Even before you start taking a look at how you’re measuring funnel velocity, you need to make sure that you are even able to measure velocity in the first place. Most CRMs – Salesforce included – do not natively track when a lead enters or exits a stage, or how long a lead has been “stuck” in a particular stage. Download our Velocity Cheatsheet to calculate funnel velocity by stage once you turn on field tracking history for the necessary standard objects and custom objects.
Effectively measuring your funnel velocity is more than just knowing your average time to purchase. It’s also important to consider how long a lead stays at each stage of a marketing and sales funnel. Suppose you know that your average time to purchase is 30 days. This is a great thing to know: You know that what your sales team is working on now will affect revenue in a month, but do we know how long a lead is sitting at any particular stage in the funnel? Suppose that in this 30-day sales cycle, we find that leads are spending an average of 19 days at the bottom of the funnel. With this information in hand, an organization can ascertain why leads are getting bottlenecked at this stage, and also take steps to move leads through this bottleneck faster.
You should also be measuring any changes in average time leads spend in any particular stage of the funnel. This serves two purposes, depending on the movement that you’re seeing.
- If time in any stage starts to increase, you can quickly start troubleshooting that particular part of the funnel and take steps to correct any problems that are happening. Remember, even an increase in a few days can impact monthly and quarterly revenue drastically, so it’s best to watch your funnel velocity metrics like a hawk.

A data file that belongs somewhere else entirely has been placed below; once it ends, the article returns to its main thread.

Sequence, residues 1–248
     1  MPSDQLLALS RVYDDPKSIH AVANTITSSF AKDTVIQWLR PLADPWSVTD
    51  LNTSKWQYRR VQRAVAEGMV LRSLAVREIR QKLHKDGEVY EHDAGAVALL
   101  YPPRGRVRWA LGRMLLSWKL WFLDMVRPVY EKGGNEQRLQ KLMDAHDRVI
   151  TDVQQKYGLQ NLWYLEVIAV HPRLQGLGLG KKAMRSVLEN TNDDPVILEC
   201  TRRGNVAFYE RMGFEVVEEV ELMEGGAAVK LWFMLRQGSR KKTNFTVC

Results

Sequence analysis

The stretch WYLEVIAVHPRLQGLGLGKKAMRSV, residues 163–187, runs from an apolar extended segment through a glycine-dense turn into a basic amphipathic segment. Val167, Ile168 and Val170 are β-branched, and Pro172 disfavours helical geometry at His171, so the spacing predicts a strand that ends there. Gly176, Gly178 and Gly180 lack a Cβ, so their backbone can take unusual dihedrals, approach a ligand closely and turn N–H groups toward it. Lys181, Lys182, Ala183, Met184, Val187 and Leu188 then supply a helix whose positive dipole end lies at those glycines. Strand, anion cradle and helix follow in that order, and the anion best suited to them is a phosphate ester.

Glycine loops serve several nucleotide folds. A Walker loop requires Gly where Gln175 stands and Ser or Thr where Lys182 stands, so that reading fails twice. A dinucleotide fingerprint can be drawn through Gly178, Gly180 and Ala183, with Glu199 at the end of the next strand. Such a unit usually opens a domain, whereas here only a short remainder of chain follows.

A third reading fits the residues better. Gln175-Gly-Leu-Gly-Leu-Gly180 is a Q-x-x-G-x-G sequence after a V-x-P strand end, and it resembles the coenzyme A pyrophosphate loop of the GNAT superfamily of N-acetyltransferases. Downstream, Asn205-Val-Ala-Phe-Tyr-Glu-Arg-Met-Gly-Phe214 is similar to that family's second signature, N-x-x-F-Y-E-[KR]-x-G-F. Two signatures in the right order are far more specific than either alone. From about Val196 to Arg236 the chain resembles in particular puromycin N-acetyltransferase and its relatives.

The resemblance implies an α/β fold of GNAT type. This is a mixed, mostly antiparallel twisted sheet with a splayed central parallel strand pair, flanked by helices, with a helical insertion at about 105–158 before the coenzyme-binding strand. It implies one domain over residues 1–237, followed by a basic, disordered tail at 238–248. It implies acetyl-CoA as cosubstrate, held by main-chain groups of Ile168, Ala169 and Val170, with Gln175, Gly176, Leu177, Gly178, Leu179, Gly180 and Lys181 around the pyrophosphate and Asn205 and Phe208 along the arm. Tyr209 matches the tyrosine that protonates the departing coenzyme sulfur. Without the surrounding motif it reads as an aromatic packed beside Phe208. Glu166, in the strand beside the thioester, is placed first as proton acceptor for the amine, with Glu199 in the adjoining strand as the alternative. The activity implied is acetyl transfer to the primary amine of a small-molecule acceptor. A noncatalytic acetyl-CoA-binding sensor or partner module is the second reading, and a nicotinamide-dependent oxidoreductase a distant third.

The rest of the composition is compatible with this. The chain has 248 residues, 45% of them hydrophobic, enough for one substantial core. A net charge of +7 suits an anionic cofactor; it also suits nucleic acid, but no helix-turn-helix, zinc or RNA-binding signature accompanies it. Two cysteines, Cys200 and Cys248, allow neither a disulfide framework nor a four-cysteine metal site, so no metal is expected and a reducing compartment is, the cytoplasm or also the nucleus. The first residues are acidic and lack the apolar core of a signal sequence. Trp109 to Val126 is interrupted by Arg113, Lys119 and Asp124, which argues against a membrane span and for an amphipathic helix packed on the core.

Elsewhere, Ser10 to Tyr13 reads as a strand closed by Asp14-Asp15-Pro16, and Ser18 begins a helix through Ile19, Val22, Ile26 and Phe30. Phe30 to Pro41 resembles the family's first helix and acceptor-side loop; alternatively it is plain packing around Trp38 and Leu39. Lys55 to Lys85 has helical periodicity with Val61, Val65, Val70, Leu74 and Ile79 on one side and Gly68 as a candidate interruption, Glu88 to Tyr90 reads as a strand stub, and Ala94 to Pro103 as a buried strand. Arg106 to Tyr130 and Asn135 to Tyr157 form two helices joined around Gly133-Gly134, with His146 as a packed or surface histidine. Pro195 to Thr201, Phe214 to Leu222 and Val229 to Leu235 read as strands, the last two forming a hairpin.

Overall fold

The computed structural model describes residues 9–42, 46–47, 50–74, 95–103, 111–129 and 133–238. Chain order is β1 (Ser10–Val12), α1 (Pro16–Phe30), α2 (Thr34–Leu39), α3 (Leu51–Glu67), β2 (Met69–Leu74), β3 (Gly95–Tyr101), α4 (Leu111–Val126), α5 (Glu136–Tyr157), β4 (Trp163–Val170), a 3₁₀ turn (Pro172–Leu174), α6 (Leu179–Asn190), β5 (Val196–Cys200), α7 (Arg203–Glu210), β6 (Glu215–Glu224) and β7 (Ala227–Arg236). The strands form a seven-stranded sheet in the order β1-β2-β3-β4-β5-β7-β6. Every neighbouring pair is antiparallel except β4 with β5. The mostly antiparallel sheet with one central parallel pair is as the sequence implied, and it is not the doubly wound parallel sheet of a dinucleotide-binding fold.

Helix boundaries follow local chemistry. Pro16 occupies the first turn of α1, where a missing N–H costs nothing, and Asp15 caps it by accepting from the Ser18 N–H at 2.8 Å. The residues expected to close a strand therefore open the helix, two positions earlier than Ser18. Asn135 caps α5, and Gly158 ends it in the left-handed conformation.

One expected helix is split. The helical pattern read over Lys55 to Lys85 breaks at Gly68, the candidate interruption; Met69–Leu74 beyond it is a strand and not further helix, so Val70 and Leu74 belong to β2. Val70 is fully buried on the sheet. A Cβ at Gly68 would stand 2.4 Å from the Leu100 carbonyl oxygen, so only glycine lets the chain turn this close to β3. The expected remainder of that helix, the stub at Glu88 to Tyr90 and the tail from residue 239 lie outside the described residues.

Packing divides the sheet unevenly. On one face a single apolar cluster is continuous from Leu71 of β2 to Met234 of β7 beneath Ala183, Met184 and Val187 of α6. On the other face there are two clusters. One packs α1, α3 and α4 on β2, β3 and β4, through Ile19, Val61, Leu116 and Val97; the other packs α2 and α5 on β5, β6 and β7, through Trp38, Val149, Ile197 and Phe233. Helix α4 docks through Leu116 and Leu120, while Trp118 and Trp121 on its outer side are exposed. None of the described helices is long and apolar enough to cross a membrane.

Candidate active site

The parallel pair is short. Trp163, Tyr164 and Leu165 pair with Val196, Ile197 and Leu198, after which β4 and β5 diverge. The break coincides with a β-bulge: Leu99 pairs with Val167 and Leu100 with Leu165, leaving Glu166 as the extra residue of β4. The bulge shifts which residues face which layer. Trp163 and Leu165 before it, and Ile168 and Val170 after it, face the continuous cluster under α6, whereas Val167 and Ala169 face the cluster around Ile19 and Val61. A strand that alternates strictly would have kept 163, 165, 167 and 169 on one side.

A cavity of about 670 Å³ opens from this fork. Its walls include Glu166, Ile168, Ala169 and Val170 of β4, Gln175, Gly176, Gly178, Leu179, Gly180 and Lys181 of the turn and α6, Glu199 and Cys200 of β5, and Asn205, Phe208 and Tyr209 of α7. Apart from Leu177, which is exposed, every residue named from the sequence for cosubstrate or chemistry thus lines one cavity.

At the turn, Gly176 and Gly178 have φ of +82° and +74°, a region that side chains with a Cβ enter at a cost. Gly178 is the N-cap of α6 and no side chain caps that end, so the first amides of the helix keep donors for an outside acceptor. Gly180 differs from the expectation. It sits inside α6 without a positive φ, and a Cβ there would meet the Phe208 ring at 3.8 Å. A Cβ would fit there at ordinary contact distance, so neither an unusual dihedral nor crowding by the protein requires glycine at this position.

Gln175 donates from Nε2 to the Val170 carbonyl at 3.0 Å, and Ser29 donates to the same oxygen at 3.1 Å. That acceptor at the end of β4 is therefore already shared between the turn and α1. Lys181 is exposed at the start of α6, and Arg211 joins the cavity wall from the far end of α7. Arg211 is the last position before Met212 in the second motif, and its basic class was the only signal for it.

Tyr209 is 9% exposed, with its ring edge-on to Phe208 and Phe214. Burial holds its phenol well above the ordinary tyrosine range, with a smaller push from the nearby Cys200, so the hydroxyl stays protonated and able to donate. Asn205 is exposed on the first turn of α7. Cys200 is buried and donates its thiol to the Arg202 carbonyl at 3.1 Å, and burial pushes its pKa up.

- If time in any stage starts to decrease, this will be an effective metric in determining an activity’s overall efficacy. For example, if the amount of time leads spend at the bottom of your revenue funnel is trending downwards, you might be able to conclude that the case studies your marketing team is producing aimed specifically at these leads are effective in closing deals faster.
Measuring Funnel Velocity Means Accurate Projections
If funnel velocity is the largest determining factor in time to revenue, being able to measure funnel velocity allows CFOs to project a company’s quarterly income comfortably, without having to rely on guesswork, predictions and the good will of the sales manager. Having a solid grasp on the metrics that affect pipeline value and funnel velocity allows for a more scientific approach to making revenue projections. Most of all, if a business exceeds or falls short of a revenue goal, having a granular look at the sticking points or bottlenecks in a funnel shows where performance needs to improve, leading to a more efficient and streamlined revenue funnel.
After all, interpreting a revenue funnel is a science, and there is no room in science for “I’m pretty sure…” or “I bet…”
Start Being Scientific
Download our digital book, “Revenue Funnel Science: Optimizing Your Marketing & Sales Funnel,” to not only speed up your revenue, but increase conversions and leverage other key revenue funnel metrics.